Monday, November 7, 2011

So much "For the Glory"

Before I launch into my thoughts about the scandal at Penn State involving former assistant (until 1999) football coach Jerry Sandusky and the apparent cover up (at least ignoring) of Sandusky's sexual abuse of youth, let me say that unlike many alumni, I cannot personally be embarrassed by something involving my alma mater when I had nothing to do with what happened. I am still Penn State proud, though a little less for sure.

Now on to the story...

The 23-page attorney general report on Sandusky in graphic detail recounts how a respected man sexually abused eight youth over the years and next to nothing was done to either stop it or keep it from happening again. It is pretty sickening. Throw in a dozen other news stories, blogs, and comments from various people and you find your head spinning as you try to figure out what really happened.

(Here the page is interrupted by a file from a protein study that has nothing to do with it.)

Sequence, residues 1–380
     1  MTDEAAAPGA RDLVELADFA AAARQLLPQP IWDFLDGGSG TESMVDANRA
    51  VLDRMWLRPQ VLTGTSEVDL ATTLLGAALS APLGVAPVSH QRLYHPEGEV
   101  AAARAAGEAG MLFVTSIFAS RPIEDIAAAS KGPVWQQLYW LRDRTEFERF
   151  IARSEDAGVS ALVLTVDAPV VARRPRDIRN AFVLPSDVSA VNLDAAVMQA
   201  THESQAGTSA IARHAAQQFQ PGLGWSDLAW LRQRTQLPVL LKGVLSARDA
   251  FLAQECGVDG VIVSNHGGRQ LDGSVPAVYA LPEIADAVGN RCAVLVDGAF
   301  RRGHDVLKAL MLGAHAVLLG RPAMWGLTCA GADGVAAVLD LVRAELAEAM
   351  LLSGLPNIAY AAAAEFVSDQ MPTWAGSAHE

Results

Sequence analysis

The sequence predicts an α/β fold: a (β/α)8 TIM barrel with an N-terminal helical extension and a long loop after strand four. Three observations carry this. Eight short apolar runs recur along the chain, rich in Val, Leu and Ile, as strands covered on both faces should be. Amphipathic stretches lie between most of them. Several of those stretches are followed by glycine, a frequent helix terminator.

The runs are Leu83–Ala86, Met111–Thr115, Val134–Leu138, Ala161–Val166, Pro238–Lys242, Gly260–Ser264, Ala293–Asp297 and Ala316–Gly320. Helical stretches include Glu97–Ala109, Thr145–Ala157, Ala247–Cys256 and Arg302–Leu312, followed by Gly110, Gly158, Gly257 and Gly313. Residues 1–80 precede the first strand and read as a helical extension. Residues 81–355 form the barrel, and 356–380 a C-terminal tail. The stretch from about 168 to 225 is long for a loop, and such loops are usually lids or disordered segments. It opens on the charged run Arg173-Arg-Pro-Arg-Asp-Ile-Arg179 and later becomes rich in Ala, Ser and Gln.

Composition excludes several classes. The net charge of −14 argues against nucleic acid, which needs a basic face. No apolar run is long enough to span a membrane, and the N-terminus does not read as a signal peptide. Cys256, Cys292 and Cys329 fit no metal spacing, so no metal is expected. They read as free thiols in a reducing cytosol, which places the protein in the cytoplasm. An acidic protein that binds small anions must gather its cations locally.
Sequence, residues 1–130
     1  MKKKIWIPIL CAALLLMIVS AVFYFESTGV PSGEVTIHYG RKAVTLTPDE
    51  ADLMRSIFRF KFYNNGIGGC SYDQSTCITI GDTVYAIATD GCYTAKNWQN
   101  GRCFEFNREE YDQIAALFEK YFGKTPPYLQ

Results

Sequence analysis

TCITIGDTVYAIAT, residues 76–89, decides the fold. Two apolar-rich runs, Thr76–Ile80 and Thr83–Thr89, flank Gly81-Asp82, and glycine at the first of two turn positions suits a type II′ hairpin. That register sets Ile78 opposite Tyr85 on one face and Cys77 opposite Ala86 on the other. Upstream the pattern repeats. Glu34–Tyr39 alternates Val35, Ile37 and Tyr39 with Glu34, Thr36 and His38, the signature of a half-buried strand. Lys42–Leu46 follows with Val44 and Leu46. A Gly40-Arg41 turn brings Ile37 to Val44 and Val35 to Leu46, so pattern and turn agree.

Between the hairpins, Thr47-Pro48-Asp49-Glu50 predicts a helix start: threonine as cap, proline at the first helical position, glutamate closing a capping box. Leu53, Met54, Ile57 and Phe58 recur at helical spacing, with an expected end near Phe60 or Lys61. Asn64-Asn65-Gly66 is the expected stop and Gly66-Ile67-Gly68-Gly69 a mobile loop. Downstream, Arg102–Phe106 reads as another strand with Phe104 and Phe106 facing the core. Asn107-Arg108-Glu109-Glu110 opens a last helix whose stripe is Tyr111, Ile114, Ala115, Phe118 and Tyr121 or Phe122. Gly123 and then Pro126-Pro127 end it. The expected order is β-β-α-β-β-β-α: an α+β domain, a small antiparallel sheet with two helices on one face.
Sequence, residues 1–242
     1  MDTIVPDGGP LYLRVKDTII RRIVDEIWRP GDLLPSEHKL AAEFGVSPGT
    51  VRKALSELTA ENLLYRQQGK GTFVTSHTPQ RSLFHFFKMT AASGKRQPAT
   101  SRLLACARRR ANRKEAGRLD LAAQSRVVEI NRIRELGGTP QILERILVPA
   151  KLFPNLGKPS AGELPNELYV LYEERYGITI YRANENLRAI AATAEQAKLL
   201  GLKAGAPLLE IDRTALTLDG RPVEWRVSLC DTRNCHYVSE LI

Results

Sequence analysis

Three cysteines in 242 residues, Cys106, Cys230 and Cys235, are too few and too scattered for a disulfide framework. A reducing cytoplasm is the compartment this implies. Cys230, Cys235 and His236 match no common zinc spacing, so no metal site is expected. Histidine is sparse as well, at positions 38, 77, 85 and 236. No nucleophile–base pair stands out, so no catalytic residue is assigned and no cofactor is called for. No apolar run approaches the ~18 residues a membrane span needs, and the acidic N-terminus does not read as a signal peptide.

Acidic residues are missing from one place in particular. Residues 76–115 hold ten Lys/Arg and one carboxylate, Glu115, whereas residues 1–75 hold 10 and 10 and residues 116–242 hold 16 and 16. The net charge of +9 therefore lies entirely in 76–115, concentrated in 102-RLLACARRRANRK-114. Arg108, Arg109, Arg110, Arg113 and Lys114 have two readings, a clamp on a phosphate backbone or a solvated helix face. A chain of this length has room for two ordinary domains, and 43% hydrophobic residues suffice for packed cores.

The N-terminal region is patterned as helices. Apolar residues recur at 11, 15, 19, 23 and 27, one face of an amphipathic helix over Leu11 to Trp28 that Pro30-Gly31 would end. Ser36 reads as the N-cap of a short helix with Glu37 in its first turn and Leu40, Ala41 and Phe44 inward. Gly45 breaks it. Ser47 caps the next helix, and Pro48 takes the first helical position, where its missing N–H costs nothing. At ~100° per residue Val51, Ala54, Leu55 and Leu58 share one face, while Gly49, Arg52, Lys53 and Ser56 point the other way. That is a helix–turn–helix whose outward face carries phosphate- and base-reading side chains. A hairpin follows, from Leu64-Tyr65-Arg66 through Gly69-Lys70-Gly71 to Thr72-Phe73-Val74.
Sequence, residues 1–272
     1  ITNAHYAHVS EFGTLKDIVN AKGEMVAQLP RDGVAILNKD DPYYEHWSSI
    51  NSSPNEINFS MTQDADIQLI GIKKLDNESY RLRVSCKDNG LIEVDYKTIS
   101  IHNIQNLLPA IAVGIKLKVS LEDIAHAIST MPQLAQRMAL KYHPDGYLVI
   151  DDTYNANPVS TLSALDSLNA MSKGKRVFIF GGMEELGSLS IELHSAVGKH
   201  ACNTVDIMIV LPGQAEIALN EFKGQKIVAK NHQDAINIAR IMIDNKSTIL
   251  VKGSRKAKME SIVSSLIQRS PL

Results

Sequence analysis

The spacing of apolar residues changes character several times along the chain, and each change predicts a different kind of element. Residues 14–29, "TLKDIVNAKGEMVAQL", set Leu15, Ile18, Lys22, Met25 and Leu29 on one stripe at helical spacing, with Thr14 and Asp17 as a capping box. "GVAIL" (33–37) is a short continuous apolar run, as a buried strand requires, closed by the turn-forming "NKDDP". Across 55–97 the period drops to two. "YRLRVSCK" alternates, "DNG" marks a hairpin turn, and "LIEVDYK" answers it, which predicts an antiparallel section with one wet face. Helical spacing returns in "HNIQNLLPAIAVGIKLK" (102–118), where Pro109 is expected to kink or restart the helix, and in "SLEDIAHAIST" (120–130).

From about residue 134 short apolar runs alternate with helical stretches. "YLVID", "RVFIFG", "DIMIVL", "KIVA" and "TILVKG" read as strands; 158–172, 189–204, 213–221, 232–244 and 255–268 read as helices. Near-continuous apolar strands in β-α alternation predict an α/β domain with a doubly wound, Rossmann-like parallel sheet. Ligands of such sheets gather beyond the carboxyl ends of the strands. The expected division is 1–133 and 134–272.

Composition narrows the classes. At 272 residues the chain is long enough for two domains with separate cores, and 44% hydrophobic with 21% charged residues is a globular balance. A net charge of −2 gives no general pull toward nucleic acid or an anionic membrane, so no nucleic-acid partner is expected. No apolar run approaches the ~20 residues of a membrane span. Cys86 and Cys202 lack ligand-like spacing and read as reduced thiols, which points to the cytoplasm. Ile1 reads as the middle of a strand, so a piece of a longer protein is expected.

Here are some of my thoughts:

I understand it was a report and not a trial, but the stories of eight youth as well as the eye witness accounts of several adults are pretty damning to me. I can believe that one or even two kids made this stuff up; it happens all the time. But eight? And that several adults witnessed different deviant acts? I don't need a trial to be convinced that Sandusky is a sick man who committed unspeakable crimes.

The most troubling to me, because of what is alleged to have happened and because it involves people at Penn State, goes something like this:

In 2002, Mike McQueary, a 28-year-old graduate assistant at the time, witnessed a heinous act in the football building shower between Sandusky and a kid who was approximately 10 years old. (Sandusky had virtually unlimited access to Penn State, negotiated as part of his retirement.) McQueary, distraught, talked to his dad, who said McQueary should go to Joe Paterno. McQueary called Paterno and went to his home the next day, reporting what he saw. What McQueary reported to Paterno, according to Paterno, was not as sordid what McQueary stated in his testimony as part of the report.